But even for what appears to be a relatively successful start-up, the runway to positive cashflow and positive earnings is very long, and is likely to encounter some bumps along the way. Time will tell if this venture can be successful.
RAS as a system works fine. However, RAS systems have limitations. They have been used very successfully to raise salmon smolts, tilapia for the live market and for a few other specialty applications. But growing market-size Atlantic salmon profitably in RAS has been elusive. Hundreds of millions have been invested and yet the returns are scant at best and very disappointing for the most part. How long will investors keep the faith? That remains to be seen.
A recent newsletter from Peritus Capital may be foreshadowing events. The newsletter begins with the statement that “RAS has become the ‘it’ investment in the seafood space”. It speaks about the investment being an Environmental, Social and Governance (ESG) and sustainability investment but it does not qualify how RAS fits as an ESG investment other than to confirm that RAS is “imagined” to be and ESG investment. The article then goes on to ask whether investment interest in the sector is a fad. The author states empathically that it is not a fad, but quickly covers his bets: the capital markets can be fickle, he says.
If entrepreneurs do not fulfill the promises they’ve made and they go back to investors to get more investment dollars out of them, investors will depart. The question is, how patient are these investors? Will they tire of the excuses? After all, business failures only occur when capital investments and loan instruments run out before the company reaches positive cash flow. This can take years and result in massive cumulative losses. So far, Atlantic salmon RAS and shrimp RAS have racked up hundreds of millions of dollars in losses.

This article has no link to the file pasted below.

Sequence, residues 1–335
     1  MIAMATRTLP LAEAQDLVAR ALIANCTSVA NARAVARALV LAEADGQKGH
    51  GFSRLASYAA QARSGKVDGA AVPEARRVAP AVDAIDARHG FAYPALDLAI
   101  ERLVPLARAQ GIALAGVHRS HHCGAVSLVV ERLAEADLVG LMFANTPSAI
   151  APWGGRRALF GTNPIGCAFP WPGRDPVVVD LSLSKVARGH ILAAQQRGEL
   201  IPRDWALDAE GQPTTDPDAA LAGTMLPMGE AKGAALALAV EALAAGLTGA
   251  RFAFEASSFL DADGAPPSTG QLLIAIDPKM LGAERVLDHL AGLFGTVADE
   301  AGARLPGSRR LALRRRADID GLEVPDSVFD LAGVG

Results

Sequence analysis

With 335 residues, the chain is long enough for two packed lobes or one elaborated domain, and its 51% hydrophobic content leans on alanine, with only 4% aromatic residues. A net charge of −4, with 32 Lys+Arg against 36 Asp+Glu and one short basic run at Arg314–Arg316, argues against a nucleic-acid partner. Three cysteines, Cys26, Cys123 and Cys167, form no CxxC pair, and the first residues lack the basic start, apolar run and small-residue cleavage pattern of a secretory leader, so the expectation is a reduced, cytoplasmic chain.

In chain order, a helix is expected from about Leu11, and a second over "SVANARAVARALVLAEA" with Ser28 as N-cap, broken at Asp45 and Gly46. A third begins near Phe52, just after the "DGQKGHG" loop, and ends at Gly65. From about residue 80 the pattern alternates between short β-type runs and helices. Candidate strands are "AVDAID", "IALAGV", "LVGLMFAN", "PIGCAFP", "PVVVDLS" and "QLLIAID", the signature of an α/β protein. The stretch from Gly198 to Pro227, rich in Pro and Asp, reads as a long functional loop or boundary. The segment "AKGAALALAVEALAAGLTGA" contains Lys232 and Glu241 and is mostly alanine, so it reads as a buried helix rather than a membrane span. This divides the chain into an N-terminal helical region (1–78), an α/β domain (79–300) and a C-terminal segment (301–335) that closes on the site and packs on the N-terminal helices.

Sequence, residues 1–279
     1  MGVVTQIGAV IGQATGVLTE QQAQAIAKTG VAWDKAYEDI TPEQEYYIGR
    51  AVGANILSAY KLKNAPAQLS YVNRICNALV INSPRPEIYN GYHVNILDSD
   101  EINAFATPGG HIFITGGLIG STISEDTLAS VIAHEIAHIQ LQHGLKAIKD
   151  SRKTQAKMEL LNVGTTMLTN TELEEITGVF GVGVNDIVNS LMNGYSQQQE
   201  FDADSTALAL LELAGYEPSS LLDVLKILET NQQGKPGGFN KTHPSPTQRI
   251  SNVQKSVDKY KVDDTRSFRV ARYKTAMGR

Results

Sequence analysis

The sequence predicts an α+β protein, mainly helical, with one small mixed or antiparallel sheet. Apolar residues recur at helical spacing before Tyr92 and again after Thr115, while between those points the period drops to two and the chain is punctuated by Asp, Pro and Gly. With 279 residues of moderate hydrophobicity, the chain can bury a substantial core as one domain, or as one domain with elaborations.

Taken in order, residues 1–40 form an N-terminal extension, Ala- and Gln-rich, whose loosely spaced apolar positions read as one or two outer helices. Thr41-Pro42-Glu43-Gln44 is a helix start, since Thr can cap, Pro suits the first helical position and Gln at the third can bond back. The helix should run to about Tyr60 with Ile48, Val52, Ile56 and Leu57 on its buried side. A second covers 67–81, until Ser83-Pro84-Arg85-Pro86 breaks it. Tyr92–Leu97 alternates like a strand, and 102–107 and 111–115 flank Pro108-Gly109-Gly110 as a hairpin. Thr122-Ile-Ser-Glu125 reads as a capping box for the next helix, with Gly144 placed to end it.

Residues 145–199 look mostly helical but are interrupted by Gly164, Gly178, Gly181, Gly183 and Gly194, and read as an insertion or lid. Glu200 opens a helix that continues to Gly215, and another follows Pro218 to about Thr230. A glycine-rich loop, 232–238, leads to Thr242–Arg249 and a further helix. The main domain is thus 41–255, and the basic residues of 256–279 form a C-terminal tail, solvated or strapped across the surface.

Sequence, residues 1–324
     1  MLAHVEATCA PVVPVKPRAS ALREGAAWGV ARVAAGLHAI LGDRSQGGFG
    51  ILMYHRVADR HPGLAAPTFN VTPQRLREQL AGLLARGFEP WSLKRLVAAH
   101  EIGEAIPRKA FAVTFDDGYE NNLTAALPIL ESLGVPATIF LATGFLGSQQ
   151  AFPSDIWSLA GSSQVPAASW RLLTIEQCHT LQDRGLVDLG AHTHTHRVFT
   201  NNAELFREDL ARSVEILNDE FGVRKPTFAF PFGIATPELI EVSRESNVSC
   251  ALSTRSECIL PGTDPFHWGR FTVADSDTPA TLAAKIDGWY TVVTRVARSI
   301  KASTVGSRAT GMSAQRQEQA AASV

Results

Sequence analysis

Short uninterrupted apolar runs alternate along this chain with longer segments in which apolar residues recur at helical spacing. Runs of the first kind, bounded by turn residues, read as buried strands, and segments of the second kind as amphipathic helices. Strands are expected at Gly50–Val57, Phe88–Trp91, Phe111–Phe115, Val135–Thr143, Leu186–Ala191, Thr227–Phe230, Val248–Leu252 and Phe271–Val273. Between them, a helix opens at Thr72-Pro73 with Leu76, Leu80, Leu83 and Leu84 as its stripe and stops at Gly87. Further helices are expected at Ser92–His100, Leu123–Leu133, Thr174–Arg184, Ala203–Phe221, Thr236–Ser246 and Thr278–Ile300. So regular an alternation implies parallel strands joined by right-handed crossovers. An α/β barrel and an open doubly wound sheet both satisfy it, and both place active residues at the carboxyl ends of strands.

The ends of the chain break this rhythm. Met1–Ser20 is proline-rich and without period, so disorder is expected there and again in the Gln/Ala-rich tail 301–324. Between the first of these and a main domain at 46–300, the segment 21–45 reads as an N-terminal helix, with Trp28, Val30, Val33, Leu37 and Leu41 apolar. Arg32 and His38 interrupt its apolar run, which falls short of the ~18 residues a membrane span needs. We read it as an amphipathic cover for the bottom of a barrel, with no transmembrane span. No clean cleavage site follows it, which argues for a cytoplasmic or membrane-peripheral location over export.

In Canada, the federal Liberal government has proposed that the open-net-pen salmon industry in British Columbia transition to other forms of production methods, including RAS. Only a political party desperate to stay in power would even imagine such a destructive public policy. So far, salmon RAS has only proven itself to be unworkable. Before any transition to RAS systems becomes public policy, there needs to be strong indication that the systems can result in profitable outcomes. In the interim, public policy should focus on the use of RAS where it works: in the production of smolts, or in post-smolt production combined with open-net-pen farming.
If the government insists on the transition, it should support the development of salmon RAS and only implement a transition policy once salmon RAS has proven to be financially viable in BC. Then the transition should be a stepwise effort, maintaining jobs and economic activity in coastal communities during the transition process. To do otherwise will be the death knell for the many coastal communities and indigenous who rely on salmon net pen farming for their livelihoods.